Andrew Balls, chief investment officer for global fixed income at Pacific Investment Management Co., said European Union transparency rules may take a toll on bond-market liquidity.
An EU law that comes into force in January 2017 requires dealers to post firm prices before trades take place and to report prices after they close. Reporting requirements for bond trades will vary depending on regulators’ assessment of the liquidity of the instrument.
“Transparency is a mixed blessing in trading, as if it is transparently obvious what you are doing you may have to behave differently,” Balls said in an interview in London. “You may provide less liquidity to the market if every man and his dog is going to know what you are doing. The idea that post-trade transparency will promote greater liquidity in markets does not seem sensible.”
To prevent a re-run of the 2008 financial crisis, the EU is implementing rules that go farther than the U.S.’s Trace bond-price reporting system, where trades are reported only after they have taken place. That has raised concern that liquidity will suffer as investors and traders balk at the risk of revealing positions and finding rivals trading against them.
The Paris-based European Securities and Markets Authority said last month that reporting requirements will apply to the roughly 2,000 most-liquid securities out of about 50,000, with the precise amount changing depending on trading levels. ESMA proposed to determine which securities are subject to the rules using a bond-by-bond approach, the method advocated by the sell side of the industry.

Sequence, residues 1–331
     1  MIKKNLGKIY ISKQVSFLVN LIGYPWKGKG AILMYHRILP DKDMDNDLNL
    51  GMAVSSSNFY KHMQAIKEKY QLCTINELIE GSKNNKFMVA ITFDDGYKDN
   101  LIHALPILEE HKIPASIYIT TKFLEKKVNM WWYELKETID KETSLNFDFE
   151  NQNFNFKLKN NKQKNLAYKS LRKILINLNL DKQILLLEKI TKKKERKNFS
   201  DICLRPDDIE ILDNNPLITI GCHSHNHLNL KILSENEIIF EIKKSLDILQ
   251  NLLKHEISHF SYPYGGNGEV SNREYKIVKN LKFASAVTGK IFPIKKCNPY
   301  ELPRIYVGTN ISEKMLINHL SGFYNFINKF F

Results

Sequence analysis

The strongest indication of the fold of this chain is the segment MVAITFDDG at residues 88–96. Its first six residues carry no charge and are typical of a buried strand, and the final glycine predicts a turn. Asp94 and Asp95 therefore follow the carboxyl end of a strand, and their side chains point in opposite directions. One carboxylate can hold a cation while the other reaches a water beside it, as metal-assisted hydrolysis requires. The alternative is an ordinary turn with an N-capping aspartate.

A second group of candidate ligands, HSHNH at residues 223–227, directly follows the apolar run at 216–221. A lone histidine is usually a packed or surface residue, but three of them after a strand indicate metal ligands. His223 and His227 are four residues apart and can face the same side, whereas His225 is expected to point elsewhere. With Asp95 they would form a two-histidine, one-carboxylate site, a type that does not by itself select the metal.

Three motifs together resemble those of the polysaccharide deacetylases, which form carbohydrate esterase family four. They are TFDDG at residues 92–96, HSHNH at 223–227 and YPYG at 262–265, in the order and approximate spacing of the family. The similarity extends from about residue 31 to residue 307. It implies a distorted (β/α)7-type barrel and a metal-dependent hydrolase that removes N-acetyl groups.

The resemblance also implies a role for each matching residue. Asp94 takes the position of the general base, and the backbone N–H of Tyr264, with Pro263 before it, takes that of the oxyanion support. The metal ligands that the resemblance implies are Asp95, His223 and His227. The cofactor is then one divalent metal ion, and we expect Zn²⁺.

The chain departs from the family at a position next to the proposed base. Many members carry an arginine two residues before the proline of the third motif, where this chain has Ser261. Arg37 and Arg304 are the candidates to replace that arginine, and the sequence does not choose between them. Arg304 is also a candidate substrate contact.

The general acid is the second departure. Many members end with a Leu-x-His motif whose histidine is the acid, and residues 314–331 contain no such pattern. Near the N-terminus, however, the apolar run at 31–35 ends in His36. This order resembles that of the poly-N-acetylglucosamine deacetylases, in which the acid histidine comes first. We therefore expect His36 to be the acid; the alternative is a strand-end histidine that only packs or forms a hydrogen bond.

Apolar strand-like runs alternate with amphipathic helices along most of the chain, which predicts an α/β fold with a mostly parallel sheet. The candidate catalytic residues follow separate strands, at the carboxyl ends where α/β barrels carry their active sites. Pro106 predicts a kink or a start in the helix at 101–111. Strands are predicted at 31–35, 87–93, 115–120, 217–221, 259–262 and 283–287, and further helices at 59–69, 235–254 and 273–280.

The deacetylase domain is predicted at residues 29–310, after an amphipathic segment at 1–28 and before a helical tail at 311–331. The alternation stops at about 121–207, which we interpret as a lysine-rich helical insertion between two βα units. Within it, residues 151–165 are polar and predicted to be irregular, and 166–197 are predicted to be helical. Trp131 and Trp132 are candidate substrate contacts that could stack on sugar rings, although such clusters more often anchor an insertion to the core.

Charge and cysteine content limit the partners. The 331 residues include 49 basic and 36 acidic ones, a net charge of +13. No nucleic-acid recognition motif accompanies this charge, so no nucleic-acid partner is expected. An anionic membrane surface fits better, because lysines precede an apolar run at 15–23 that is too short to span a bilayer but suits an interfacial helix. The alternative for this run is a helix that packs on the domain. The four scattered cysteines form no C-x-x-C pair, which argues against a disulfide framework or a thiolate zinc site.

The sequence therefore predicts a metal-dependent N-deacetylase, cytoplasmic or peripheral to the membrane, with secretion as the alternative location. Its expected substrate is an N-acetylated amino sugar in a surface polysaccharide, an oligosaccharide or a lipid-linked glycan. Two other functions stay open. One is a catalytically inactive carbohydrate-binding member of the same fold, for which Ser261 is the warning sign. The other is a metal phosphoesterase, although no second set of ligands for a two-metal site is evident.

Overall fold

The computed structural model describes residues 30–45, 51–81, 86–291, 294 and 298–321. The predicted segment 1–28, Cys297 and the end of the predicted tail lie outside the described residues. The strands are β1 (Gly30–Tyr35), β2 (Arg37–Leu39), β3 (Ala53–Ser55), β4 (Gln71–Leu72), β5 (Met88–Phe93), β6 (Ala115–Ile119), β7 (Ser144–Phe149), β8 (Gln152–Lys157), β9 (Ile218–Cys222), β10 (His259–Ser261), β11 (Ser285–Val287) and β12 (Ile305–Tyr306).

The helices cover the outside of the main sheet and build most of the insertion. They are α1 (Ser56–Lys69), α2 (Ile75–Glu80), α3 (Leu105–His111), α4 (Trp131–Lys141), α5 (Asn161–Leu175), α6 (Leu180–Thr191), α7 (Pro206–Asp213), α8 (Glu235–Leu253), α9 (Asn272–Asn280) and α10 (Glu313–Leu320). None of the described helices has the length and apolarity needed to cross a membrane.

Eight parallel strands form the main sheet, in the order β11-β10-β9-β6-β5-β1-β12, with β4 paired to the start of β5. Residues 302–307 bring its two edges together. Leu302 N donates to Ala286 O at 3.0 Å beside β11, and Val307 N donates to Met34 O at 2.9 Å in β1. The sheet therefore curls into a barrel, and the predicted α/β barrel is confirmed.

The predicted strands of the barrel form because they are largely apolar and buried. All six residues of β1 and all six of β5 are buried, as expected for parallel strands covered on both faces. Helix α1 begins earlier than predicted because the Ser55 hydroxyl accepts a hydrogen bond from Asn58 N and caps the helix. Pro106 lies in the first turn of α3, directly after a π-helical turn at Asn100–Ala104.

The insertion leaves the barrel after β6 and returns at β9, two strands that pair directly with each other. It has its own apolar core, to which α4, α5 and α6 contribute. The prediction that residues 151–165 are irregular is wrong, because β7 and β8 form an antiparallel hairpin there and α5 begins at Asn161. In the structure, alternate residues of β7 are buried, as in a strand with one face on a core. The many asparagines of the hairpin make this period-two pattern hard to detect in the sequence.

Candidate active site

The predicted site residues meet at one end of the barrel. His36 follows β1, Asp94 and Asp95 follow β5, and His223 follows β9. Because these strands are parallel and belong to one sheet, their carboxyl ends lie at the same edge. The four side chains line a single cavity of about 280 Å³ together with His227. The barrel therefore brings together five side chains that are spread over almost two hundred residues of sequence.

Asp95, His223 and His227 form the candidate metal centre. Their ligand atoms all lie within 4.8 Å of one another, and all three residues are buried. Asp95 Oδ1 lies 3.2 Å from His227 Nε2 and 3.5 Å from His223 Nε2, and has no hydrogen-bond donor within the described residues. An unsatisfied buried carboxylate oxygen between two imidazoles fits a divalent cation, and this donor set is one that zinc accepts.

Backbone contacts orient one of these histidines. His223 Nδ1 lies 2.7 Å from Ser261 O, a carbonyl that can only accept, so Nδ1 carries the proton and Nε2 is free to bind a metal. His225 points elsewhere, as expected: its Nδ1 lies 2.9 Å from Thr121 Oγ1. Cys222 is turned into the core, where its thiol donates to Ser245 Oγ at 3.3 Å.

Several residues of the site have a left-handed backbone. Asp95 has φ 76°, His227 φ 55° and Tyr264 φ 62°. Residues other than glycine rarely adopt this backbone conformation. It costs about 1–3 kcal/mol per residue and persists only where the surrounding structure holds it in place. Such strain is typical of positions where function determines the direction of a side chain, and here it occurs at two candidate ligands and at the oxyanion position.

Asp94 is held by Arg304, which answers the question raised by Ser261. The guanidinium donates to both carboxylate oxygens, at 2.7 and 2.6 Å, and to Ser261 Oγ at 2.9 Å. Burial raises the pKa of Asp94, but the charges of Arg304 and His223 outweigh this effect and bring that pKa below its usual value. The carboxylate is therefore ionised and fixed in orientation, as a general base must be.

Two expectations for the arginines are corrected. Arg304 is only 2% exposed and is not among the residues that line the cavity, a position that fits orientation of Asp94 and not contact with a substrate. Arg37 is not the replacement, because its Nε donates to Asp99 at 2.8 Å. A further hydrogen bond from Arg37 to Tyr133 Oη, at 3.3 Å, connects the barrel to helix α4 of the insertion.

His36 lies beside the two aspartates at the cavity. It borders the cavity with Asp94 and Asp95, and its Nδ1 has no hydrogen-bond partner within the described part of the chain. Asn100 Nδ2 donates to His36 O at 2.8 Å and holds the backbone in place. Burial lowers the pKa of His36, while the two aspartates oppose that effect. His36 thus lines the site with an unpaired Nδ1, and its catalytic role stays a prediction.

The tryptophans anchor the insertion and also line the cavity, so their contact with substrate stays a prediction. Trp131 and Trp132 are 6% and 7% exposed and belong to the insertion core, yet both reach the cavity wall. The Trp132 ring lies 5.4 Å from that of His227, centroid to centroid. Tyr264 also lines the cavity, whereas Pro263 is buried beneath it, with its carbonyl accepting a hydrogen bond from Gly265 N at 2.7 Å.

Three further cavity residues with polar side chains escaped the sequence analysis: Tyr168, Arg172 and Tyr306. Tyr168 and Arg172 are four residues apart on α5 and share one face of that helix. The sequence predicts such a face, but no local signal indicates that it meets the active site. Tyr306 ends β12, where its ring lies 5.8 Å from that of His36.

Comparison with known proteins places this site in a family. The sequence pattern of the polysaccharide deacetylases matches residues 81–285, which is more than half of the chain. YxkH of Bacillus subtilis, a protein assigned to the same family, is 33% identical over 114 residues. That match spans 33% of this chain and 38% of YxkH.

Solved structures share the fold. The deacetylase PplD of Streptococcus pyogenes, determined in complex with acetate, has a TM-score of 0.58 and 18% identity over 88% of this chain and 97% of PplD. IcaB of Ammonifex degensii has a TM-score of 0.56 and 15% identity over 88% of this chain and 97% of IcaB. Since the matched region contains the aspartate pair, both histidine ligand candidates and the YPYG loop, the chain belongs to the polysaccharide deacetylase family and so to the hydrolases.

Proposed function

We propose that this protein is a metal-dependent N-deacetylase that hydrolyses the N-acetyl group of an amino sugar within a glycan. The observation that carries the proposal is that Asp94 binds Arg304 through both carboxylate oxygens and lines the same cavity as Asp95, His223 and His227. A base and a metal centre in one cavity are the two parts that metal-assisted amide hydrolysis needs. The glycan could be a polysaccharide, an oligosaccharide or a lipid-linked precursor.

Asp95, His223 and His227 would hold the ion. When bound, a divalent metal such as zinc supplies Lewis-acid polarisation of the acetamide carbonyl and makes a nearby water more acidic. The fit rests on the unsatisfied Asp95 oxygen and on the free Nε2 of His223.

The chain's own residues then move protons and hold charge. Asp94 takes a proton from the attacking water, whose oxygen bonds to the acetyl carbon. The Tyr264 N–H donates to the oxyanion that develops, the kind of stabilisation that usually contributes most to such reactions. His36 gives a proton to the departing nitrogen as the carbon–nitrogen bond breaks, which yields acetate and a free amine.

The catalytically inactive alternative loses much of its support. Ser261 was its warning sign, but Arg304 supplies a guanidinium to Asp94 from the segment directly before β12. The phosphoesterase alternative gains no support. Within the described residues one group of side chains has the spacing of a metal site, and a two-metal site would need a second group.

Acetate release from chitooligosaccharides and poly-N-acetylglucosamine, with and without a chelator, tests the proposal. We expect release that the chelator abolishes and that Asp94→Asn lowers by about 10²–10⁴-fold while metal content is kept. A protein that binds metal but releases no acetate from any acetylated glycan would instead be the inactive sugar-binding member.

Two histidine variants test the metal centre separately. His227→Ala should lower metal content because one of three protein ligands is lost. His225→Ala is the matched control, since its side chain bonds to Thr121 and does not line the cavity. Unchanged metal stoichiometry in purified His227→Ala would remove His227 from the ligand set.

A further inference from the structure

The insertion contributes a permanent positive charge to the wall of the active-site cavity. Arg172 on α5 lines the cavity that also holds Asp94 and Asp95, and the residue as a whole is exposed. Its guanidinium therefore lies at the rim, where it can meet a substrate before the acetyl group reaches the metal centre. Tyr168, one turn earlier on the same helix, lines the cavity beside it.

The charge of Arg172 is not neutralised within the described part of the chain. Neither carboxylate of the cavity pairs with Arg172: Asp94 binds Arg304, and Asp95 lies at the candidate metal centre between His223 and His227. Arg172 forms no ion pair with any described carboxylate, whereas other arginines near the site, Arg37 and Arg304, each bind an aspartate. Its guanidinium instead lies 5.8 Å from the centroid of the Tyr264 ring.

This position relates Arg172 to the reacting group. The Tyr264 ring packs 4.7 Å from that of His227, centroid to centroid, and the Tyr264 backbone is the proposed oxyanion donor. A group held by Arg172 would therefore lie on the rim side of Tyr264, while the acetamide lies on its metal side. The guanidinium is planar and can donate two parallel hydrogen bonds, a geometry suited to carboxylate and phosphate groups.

The new rules will probably have less impact on Pimco than they will on smaller investors, said Mike Amey, a London-based money manager at the firm, who said Newport Beach, California-based Pimco was expecting more demanding regulation in any case.
“The European regulatory environment is normalizing to the U.S. environment, and that makes it less troublesome for the global investor than for the purely local one,” said Amey. “The regulatory burden is going up, but that’s as expected. It’s part and parcel of the same process that has affected all of financial services post-crisis.”